Shortly after Russia’s invasion, we heard from a Ukrainian neurologist about how she was able to continue her practice. Over the last 6 months, her work has changed significantly.
DAVID GURA, HOST:
When Russia invaded Ukraine, Aleksandra Shchebet’s life turned upside down. She’s a neurologist who was forced to flee to the relative safety of northwestern Ukraine as Russia attacked her city of Kyiv. And she had to leave her patients behind.
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ALEKSANDRA SHCHEBET: My heart is broken, actually. I’m a good neurologist. And now I’m not able to help.
GURA: That was in March. NPR’s Ari Daniel got back in touch with Shchebet to see how she’s doing. He reports the neurologist is seeing patients again, but the war has transformed his practice.
ARI DANIEL, BYLINE: In early June, some 3 1/2 months after the start of the war, Aleksandra Shchebet decided to return home to Kyiv. It had gotten safer, and she missed her city. On the drive back, she passed by burned houses, shelled supermarkets and, in her words, wounds on the earth. She set up a new office just around the corner from where she used to work and began seeing patients five days a week again, including recently a 47-year-old woman who fled war-torn Chernihiv in northern Ukraine.
SHCHEBET: She couldn’t sleep for months.
DANIEL: The woman found Shchebet and did a virtual exam. Now, Shchebet’s trained to treat things like Alzheimer’s, stroke, MS. But the woman explained that she’d been in the midst of a lot of shelling. Shchebet guessed her insomnia was probably related to stress.
SHCHEBET: She has lost some friends. She saw it, and it was, like, a tragedy for her. So, of course, she couldn’t sleep because of that. The pictures of what happened was in her mind again and again before she went to sleep.
DANIEL: In her wartime practice, Shchebet had come to recognize these symptoms as the telltale signs of a particular mental health condition, PTSD.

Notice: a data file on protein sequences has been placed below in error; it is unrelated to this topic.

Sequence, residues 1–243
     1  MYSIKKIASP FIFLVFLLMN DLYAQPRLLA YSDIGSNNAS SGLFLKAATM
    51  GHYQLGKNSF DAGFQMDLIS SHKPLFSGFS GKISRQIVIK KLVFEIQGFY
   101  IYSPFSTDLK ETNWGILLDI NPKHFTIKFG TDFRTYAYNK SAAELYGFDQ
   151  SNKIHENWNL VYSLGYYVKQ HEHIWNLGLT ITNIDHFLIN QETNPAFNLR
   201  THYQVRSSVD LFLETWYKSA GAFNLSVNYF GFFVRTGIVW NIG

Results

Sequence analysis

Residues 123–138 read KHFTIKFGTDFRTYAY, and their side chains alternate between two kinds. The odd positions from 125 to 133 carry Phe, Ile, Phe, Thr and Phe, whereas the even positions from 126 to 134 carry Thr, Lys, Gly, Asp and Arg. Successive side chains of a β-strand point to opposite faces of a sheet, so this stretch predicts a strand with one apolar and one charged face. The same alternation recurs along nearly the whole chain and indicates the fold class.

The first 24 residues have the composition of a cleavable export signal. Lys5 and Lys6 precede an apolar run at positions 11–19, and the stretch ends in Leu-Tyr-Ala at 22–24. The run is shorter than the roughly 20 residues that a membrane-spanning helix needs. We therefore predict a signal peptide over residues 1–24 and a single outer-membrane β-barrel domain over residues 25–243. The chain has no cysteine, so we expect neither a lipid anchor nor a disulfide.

SHCHEBET: Now we have a lot of cases when people saw in their own eyes how their friends, members of their families are dead or are wounded. Of course, it has its impact on psychic.
DANIEL: Ukraine has become a population in need of care. Shchebet says mental health disorders have increased. She estimates that 90% of her patients, which are all adults, are coming to her with conditions provoked by the war – insomnia, yes, but also anxiety and depression and chronic daily headaches and other pain caused by constant stress. Thing is, back in medical school and residency, Shchebet never trained to diagnose PTSD, and she wasn’t alone. She says that since the war began, support for mental health professionals has poured in.
SHCHEBET: There are a lot of courses which were provided by foreign psychiatrists and foreign psychologists for Ukrainian doctors to help them to learn how to deal with these patients.
DANIEL: She also spoke with more experienced colleagues about how to make referrals to psychiatrists and psychotherapists, which involves assessing someone for PTSD. But when Shchebet started seeing patients in Kyiv who she thought might have it, she was worried.
SHCHEBET: What if it is PTSD, and I am not diagnosing it? That may impact quality of patient’s life. I was afraid to miss something. You know, you can never be sure for 100%, never.
DANIEL: As those experiencing PTSD continue to seek her out, Shchebet gradually – and she says regrettably – got more confident at diagnosing it.
SHCHEBET: I am feeling sad, actually, because of how many patients with PTSD we have. If patients came to me and asked for help, I have to help. So I’m doing my best I can. There is always a risk that if I am saying, no, I’m not doing this, I’m not handling this PTSD, he’ll walk away, and he will never go to doctor again. So I had to do this.
DANIEL: When Shchebet first returned to Kyiv, she found the work devastating.
SHCHEBET: I heard their stories about how they lost their wife or their husband or their parents. It is hard to listen to. And I know I can’t help them, except that I can give them medications and say some kind words. That’s all.
DANIEL: Shchebet was feeling herself burning out, so she worked with her own therapist to keep her emotions more distant to protect herself. Now she marvels at what she’s grown accustomed to. For instance, frequently during an in-person appointment, an air raid siren goes off.
SHCHEBET: I’m saying that, now we have to go with you to the shelter. She or he is saying, OK, I got it.
DANIEL: Chabot continues her consultation in the shelter, usually alongside other doctors and patients who’ve also rushed to safety.
SHCHEBET: This might be a positive thing for the patients because they know they are not alone.
DANIEL: She doesn’t think this time of intense challenge will last forever. So for now, she does what she can. That woman from Chernihiv, who Shchebet diagnosed with PTSD a few weeks back, is now receiving medication and therapy and is improving. Shchebet says the woman told her, I’ve started to feel the taste of life again.
Ari Daniel, NPR News.
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